I want to create a "unicode sandwich" that includes some date/time values and is locale independent. For the uninitiated, the term unicode sandwich describes the practice of converting from bytes to unicode and back at the boundaries of your program, i.e. bytes on the outside and unicode on the inside.
I watched Ned Batchelder's excellent video on unicode this morning and am attempting to convert some of my code to be consistent with his wise advice.
The problem I'm having is I can't work out how to determine the encoding of a string returned by
str(date) or its equivalents. What I have in mind is to do something like this, a little verbose for clarity:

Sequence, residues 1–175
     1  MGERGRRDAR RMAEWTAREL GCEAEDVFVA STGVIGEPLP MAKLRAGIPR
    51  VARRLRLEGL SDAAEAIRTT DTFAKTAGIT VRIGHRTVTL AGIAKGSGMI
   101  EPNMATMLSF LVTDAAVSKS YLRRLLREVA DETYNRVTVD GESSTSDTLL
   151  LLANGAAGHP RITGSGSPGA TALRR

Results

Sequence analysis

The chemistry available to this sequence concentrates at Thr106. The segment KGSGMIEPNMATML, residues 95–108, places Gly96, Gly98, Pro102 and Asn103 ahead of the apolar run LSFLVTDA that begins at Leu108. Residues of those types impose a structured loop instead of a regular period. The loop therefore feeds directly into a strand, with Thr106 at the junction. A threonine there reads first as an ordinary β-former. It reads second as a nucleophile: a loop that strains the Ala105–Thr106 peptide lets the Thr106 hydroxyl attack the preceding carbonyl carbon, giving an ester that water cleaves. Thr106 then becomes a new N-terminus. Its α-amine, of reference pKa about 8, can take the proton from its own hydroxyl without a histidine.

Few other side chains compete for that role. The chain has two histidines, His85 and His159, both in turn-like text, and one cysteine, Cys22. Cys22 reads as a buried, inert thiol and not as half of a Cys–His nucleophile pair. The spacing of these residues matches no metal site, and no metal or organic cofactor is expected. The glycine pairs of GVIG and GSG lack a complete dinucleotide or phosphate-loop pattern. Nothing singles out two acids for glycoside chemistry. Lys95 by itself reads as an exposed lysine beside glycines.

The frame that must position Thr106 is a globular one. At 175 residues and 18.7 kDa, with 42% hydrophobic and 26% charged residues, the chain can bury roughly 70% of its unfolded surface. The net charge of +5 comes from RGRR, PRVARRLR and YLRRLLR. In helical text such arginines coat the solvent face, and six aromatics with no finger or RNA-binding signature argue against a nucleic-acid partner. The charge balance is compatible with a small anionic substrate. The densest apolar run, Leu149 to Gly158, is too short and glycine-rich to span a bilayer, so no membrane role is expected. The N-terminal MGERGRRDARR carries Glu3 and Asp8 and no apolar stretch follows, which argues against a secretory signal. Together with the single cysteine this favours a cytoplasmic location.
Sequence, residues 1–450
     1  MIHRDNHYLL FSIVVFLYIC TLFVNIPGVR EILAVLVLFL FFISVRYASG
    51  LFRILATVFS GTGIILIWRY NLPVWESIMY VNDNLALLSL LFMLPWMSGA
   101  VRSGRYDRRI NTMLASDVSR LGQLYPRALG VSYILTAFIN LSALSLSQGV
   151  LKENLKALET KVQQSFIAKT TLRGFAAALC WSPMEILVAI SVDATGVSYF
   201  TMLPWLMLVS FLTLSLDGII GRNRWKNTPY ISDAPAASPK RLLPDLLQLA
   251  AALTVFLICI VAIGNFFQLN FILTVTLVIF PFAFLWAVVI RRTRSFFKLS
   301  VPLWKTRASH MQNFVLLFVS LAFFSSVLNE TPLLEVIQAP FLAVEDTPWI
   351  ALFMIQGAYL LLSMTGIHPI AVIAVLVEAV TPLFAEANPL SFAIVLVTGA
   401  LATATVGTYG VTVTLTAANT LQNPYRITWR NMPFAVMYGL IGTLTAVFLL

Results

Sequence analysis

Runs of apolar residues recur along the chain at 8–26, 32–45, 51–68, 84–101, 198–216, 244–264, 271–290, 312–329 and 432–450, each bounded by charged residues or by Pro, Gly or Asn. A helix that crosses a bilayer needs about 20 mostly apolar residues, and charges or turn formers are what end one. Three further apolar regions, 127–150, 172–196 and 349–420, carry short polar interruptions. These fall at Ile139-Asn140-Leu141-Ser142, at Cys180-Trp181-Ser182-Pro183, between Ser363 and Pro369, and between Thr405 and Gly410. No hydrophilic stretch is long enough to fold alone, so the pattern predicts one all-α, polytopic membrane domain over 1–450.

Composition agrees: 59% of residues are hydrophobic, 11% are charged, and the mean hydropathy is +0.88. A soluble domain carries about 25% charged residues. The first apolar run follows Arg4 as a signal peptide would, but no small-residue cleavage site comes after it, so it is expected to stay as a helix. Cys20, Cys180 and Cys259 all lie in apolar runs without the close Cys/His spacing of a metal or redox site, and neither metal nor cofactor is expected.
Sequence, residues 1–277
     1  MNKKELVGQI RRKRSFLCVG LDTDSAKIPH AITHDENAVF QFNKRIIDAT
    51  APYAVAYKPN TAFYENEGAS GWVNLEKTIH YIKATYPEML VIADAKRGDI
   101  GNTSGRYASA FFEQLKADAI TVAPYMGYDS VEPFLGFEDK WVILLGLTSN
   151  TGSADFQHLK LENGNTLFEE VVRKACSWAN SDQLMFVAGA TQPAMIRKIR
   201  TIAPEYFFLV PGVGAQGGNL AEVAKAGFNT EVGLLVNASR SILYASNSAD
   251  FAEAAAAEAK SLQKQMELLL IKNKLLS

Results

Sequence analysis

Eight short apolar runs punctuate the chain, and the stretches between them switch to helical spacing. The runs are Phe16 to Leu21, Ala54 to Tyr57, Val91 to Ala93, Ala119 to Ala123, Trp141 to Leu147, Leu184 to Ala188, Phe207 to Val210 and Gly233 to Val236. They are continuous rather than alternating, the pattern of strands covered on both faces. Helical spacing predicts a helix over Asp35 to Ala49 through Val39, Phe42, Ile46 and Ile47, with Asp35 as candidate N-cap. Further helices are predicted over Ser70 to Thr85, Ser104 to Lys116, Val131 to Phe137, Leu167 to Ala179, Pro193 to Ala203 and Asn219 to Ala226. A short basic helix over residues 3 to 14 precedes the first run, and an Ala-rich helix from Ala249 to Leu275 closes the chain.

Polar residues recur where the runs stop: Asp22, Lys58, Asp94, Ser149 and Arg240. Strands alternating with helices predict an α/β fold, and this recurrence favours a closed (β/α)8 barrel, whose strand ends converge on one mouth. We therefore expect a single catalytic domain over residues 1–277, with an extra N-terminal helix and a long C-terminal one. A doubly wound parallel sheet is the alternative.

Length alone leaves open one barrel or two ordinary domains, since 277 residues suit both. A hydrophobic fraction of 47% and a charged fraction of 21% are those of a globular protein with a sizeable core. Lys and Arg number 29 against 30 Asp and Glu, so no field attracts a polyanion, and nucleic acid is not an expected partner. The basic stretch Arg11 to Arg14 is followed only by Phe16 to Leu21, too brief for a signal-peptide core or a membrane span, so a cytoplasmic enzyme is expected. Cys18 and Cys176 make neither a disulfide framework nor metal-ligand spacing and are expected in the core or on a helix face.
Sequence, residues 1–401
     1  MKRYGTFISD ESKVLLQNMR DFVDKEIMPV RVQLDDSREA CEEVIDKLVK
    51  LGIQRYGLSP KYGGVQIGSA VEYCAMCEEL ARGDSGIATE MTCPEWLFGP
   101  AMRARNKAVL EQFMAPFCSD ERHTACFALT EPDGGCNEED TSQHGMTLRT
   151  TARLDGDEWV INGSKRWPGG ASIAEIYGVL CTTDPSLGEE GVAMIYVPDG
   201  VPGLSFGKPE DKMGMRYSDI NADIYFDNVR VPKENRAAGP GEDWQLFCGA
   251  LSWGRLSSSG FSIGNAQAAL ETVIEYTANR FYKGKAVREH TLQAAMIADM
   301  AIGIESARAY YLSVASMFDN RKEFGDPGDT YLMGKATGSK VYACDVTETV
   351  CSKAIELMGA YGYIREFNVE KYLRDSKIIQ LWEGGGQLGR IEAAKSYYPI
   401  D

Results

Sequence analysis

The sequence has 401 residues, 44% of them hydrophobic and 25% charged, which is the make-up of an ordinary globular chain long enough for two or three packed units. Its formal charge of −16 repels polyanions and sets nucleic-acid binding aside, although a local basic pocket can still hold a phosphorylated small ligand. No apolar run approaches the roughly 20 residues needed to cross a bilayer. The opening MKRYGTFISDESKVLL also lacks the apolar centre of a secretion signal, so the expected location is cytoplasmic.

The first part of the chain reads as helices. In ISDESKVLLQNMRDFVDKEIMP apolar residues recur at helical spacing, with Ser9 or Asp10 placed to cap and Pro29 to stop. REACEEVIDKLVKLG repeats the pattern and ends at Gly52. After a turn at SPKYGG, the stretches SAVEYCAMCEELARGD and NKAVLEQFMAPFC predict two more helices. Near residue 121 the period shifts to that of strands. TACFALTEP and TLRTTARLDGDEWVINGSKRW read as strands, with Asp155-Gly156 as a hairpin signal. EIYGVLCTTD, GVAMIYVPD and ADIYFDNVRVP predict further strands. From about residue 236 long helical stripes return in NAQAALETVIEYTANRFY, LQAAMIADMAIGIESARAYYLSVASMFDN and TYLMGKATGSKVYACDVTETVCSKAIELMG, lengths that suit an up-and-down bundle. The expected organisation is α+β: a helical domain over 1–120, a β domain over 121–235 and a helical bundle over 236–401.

date_str_encoding = some_magical_method_I_have_yet_to_discover() date = datetime.datetime(2013, 10, 16).date() date_str = date.strftime('%A %B %d, &Y') # perhaps 'Sábado Octubre 19, 2013' date_unicode = date_str.decode(date_str_encoding)
One of Ned's unicode "facts of life" is "You cannot infer the encoding of bytes. You must be told or you have to guess." Unfortunately, I can't find that particular detail in the Python docs for datetime.
Another SO post mentioned the use of locale.getlocale(), but that returns (None, None) for me.
How can I reliably discover the encoding of a Python date string at run time?